And indeed, only a very radical economic vision would propose that we cast off mass production or reject modern management altogether, or sacrifice the astonishing scientific, engineering and medical advances that highly specialized education and research have brought us. But what about attempting some incremental change? What about a system in which more people had a chance to gain more skills, to undertake more challenging work, to contribute more to every facet of production, and get paid more in the process? Corporate profits might shrink if some workers' salaries rise, but productivity need not diminish; just the opposite.
Stick with me here, and try to imagine the work of our industrial culture divided up in some unfamiliar ways. For example, why do we see the work of industrial innovation, design and planning as entirely separate from the work of production, assembly, repair and maintenance? These distinctions are artifacts of our highly stratified labor system. Sure, some of our most complex modern technologies demand extreme specialization: designing a power plant or heart-lung machine or fiber-optic system may require years of focused education and research. But in the day-to-day work that surrounds machines in factories, construction sites, hospitals, nuclear facilities or wastewater treatment plants, people who do "lower level" technical work are already innovating. They are problem-spotting and problem-solving as technical workers have always done: taking advantage of experience and intellectual curiosity to build bodies of knowledge about the machines and materials with which they work each day. And a few employers already reward such efforts. It is disingenuous to say that those without four-year degrees are incapable of significant intellectual contributions, or that those with higher degrees are necessarily the most productive of industrial employees. Sociologists have been carefully researching those sorts of presumptions, since right around the time that Lake County, Ohio, was creating its community college, and have showed them to be in error.
Their findings help us see that educational programs could systematically prepare more technical workers to make sophisticated technical contributions. By the same token, if those who design bridges or food processing equipment or medical apparatus (normally, degree-holding engineers) also routinely spent time in the fabrication or daily use of those technologies, perhaps their designs would more closely reflect practical conditions. The conventional vertical split among all of these tasks could be rethought, bringing higher level analytical skills to some jobs where they are now rarely encouraged and more routine material encounters to jobs that normally exclude those important aspects of technical experience. Educational reforms could help make this happen.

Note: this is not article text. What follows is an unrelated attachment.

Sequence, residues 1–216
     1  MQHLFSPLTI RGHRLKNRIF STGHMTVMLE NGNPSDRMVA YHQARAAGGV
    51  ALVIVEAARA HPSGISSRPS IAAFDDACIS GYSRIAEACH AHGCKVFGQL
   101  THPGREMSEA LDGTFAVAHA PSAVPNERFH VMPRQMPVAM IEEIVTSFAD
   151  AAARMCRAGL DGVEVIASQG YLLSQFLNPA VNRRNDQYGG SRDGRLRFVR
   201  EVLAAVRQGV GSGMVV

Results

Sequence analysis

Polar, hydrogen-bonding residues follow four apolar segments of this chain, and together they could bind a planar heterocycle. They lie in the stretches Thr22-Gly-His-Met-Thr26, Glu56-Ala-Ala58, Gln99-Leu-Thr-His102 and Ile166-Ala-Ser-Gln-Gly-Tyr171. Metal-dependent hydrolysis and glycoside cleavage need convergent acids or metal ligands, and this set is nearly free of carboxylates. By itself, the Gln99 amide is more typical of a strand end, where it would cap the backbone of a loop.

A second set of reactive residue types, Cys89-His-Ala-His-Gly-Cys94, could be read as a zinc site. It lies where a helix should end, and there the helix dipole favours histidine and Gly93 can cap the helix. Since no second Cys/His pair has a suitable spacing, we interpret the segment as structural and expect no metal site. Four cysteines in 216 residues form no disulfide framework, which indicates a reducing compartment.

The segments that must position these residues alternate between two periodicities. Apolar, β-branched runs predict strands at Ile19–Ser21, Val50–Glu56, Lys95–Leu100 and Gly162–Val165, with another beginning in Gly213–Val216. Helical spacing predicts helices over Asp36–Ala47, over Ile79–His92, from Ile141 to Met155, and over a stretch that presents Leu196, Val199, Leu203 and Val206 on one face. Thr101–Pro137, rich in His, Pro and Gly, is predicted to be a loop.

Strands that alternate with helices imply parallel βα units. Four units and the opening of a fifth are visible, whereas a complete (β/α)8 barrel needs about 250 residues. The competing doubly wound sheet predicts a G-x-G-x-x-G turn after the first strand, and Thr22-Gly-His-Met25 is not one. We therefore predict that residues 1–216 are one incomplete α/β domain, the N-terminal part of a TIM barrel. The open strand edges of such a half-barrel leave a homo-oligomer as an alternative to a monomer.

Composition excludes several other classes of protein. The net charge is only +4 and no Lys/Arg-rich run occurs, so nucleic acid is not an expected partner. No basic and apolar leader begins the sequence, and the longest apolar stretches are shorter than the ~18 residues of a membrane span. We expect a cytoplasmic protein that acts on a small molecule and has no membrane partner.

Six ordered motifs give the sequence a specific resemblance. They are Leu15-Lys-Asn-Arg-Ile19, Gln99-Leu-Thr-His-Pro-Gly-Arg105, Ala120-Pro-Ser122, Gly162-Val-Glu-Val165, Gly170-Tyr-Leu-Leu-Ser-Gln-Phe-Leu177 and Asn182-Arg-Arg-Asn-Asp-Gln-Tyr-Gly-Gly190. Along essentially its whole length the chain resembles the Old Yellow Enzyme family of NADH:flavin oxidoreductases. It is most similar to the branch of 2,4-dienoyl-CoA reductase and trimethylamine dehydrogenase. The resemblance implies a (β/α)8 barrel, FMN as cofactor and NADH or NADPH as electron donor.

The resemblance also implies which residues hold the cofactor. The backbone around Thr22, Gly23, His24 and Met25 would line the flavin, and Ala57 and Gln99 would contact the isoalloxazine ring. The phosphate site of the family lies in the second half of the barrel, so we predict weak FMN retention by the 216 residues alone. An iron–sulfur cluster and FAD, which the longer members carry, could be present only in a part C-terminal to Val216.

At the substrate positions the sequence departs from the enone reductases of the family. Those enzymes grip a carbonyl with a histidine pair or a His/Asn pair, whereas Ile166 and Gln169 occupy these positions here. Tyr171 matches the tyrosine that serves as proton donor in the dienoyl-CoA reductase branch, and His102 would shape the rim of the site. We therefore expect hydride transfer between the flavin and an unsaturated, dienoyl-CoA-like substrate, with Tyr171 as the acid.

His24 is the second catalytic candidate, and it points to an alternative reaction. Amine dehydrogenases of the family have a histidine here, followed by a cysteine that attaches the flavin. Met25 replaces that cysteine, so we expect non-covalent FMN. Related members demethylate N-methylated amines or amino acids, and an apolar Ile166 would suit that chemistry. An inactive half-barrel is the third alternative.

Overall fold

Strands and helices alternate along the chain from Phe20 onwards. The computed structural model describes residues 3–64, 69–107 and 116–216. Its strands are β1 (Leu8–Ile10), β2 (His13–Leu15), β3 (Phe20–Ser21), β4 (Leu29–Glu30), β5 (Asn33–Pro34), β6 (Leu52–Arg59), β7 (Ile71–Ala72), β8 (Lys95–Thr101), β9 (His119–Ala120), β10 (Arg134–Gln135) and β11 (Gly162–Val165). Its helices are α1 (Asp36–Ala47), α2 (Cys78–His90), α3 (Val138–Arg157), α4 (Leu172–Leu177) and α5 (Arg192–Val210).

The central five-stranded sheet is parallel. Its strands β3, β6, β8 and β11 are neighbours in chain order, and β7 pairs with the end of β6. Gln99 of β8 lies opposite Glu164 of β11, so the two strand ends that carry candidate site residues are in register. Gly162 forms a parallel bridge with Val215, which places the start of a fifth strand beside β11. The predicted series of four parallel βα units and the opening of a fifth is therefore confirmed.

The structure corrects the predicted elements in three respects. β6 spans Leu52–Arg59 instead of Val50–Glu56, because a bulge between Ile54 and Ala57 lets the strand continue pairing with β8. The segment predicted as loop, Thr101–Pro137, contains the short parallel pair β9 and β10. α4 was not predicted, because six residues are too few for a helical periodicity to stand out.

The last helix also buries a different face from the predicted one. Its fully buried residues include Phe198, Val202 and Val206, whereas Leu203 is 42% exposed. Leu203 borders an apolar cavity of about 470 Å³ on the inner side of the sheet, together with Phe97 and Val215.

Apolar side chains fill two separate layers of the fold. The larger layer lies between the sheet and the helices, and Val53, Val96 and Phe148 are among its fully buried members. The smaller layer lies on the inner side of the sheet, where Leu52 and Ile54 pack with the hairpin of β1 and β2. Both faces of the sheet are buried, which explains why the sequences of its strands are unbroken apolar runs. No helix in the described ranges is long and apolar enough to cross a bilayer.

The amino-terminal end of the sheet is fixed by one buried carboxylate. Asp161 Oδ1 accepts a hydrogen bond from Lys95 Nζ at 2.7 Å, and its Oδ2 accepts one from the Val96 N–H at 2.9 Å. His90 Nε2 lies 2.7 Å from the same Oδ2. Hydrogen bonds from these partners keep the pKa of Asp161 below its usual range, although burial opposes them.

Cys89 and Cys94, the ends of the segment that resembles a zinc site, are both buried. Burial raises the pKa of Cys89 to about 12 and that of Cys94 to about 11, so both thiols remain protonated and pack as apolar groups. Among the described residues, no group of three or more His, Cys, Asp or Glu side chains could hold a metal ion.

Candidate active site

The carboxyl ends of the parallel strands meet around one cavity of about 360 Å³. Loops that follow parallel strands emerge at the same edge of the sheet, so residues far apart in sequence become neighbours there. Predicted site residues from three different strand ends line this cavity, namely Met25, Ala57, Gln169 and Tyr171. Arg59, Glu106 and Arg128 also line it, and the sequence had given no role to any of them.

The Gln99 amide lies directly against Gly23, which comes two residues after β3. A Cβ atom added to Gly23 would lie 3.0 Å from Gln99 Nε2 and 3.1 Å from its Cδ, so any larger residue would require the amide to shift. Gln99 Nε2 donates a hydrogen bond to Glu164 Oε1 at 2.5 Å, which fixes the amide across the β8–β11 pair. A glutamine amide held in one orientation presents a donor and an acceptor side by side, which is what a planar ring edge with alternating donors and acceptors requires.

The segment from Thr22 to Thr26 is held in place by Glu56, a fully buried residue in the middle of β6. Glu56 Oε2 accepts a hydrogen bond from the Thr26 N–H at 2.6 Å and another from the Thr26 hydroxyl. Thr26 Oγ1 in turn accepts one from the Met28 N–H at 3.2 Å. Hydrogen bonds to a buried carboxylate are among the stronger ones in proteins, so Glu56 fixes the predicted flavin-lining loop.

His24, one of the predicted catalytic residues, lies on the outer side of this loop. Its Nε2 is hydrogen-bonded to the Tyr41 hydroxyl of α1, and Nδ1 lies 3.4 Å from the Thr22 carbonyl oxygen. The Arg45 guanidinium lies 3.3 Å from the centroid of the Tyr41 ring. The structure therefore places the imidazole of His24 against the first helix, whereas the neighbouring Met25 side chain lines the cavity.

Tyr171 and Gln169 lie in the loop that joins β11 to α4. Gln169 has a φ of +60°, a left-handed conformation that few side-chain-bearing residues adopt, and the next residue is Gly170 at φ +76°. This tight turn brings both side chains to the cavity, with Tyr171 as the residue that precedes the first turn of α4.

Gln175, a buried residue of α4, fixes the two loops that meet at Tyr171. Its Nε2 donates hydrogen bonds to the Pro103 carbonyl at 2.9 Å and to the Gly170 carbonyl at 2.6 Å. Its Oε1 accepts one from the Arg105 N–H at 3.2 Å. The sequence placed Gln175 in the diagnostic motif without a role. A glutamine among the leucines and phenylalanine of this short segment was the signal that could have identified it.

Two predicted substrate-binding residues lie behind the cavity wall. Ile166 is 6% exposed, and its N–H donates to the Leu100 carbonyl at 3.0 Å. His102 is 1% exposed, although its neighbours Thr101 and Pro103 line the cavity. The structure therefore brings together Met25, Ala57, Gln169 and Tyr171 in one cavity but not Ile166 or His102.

Do we do away with community colleges? Of course not. But this integrative model of technical education and work might include gearing a great many more sub-baccalaureate programs towards transfer into four-year curriculums, as does one community college recently described on this site. Eligibility for higher level technical training would thus increase drastically. Or, we could enrich the training now associated with existing technical occupations, whether computer maintenance and repair, factory machining, or sewer inspection, to incorporate more design and planning skills. Shake up our fundamental assumptions about skill, aptitude and efficiency, and a whole world of creative, rewarding and equitable change to technical education and work opens before us. This seems to me like a future well worth exploring.
Amy E. Slaton is associate professor of history at Drexel University. Her new book is Race, Rigor and Selectivity in U.S. Engineering: The History of an Occupational Color Line (Harvard University Press, 2010).